Although demand for infrastructure is high, the supply of capital to fund infrastructure projects, at least from the public purse, has been falling. Governments around the world find themselves increasingly strapped for cash as they look to de-leverage and maintain more austere budgets. Consequently, projects and regulations have often been designed to tempt private capital in, with returns set at attractive levels and risks reduced as far as possible.
For example, US electricity network operators are typically allowed to make a return on equity of 11 per cent by their federal regulator, whilst a recent trend towards decoupling in state power markets explicitly removes the sales volume risk, effectively enabling utilities to make their allowed return whatever the level of power demand in their markets. Provisions to allow the pass through of inflation and any increase in contractor or debt costs have also become more commonplace.
Our Infrastructure Performance – adding value through active selection
Source: Baillie Gifford & Co and S&P. Data to 30 September 2019.
Diversified Growth infrastructure asset class returns v S&P Dow Jones Brookfield Global Infrastructure index returns.
Rebased to 100.
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1. As at 30 September 2019. These are on a passive basis, net of access costs.
As noted earlier, the term infrastructure can be used to describe a wide variety of real assets. Some of those will have the core diversifying, yet high return, characteristics that we are looking for, while others will not. For example, the DJB Global Infrastructure index contains a large number of oil and gas storage as well as airport service companies, which are typically more volatile and offer less diversification2. We focus on a subset of that index, which we think of as core infrastructure.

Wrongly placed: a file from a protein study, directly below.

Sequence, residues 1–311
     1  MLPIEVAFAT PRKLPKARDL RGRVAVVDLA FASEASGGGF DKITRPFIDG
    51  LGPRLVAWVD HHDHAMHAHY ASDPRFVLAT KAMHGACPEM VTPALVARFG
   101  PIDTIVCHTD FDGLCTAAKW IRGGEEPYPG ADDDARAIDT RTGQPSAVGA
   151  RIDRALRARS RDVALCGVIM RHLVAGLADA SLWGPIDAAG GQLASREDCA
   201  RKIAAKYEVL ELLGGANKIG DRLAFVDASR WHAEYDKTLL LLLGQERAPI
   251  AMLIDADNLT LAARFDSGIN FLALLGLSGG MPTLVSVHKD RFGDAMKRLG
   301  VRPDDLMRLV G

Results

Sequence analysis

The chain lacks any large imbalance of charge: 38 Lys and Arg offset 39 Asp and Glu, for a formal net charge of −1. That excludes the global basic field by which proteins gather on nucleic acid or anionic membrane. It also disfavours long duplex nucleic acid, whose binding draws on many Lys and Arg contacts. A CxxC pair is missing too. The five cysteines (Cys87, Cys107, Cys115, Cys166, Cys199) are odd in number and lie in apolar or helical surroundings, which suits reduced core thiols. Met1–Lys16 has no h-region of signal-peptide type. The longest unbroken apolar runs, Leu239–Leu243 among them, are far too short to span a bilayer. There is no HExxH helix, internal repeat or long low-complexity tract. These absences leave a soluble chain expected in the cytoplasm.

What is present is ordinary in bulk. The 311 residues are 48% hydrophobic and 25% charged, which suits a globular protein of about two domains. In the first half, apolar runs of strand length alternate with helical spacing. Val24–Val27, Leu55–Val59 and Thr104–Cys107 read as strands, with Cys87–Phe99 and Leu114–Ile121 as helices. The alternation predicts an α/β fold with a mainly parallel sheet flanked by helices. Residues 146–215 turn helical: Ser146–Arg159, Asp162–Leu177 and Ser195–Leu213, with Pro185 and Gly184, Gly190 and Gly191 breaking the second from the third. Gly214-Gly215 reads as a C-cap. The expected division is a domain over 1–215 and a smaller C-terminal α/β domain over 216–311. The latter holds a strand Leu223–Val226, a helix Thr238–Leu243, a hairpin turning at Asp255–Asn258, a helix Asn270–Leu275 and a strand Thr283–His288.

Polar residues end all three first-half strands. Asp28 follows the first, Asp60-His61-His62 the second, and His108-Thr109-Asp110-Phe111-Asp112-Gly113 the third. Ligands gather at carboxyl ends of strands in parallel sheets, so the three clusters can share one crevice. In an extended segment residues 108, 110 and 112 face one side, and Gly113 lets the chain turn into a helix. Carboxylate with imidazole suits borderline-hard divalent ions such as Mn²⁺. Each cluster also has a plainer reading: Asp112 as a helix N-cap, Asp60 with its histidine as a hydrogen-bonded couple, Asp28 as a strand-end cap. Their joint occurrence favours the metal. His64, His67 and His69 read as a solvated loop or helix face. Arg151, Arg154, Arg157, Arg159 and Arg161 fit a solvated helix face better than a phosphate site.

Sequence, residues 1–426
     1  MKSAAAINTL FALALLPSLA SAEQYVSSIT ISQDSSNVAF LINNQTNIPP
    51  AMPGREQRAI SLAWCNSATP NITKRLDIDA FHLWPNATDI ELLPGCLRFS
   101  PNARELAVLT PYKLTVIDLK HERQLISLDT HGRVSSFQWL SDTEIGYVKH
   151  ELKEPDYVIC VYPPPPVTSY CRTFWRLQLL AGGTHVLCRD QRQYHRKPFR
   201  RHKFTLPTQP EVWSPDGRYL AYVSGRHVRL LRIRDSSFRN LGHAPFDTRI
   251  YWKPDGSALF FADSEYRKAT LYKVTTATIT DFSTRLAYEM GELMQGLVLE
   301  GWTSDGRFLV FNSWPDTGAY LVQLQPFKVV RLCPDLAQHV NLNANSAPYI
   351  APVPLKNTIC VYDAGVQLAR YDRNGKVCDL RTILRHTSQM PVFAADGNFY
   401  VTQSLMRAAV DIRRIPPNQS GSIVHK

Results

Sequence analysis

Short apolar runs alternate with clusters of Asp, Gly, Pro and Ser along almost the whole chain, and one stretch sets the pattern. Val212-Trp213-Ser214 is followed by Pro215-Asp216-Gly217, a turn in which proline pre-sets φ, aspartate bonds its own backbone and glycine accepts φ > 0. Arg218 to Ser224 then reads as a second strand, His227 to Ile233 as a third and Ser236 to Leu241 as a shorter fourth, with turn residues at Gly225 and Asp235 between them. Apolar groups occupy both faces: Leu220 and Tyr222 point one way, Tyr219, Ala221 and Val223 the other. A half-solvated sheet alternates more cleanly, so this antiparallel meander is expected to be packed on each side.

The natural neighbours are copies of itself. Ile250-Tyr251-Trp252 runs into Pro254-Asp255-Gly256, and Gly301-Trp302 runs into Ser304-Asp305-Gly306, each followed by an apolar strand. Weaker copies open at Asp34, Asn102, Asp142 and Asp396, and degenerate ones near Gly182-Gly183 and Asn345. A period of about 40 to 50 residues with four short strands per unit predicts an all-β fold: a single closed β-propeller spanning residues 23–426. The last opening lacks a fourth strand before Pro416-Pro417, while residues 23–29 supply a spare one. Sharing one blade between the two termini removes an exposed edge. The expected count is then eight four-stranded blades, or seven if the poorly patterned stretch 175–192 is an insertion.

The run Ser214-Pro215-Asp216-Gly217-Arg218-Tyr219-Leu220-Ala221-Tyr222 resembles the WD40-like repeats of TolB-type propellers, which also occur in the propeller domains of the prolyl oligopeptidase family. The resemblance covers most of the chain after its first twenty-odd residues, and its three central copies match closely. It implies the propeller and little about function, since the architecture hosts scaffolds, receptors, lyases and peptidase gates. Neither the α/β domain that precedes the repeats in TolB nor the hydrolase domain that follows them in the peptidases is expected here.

Holdings by Geography
Holdings by Sector
As at 30 September 2019.
Since our Multi Asset strategies are open ended and offer daily liquidity, and because we wish to be able to change our allocation to the asset class quickly if valuations and conditions demand it, we access core infrastructure by investing in shares of listed infrastructure funds and companies that offer a pure exposure to those real assets. In particular, we have identified a set of 200–250 funds and companies around the world, with a combined market capitalisation of £1.5 trillion, which have both the attractive return and diversification characteristics that we are looking for, as well as good liquidity.
We use quantitative analysis to reduce this core infrastructure universe down to a focus list of around 50 funds and companies, which we follow closely and whose management we seek to meet with regularly.
We research these companies carefully, focusing on the regulatory environment in which they operate; the quality of both their assets and their management; and their current valuation. This research allows us to build a bespoke infrastructure portfolio.